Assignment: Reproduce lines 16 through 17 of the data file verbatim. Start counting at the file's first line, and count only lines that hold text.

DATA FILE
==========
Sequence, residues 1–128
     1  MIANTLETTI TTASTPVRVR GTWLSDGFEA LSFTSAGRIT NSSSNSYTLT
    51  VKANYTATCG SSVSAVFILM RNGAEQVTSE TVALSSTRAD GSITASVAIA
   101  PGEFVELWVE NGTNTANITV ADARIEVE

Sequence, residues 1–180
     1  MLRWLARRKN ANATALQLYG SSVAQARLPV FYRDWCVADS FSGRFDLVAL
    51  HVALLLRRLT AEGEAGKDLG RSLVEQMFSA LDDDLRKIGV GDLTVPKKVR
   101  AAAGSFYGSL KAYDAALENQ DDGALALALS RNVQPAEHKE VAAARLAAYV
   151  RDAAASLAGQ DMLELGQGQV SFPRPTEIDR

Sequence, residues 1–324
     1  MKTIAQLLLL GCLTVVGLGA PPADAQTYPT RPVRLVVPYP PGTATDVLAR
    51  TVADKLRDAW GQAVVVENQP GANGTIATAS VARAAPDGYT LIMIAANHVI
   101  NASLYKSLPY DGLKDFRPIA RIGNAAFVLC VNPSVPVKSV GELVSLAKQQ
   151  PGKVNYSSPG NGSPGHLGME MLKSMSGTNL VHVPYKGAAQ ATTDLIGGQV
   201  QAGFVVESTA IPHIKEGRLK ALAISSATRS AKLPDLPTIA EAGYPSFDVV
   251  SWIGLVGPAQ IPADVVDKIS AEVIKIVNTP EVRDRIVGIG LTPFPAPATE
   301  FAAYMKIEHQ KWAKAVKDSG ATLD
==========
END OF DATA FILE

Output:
   251  SWIGLVGPAQ IPADVVDKIS AEVIKIVNTP EVRDRIVGIG LTPFPAPATE
   301  FAAYMKIEHQ KWAKAVKDSG ATLD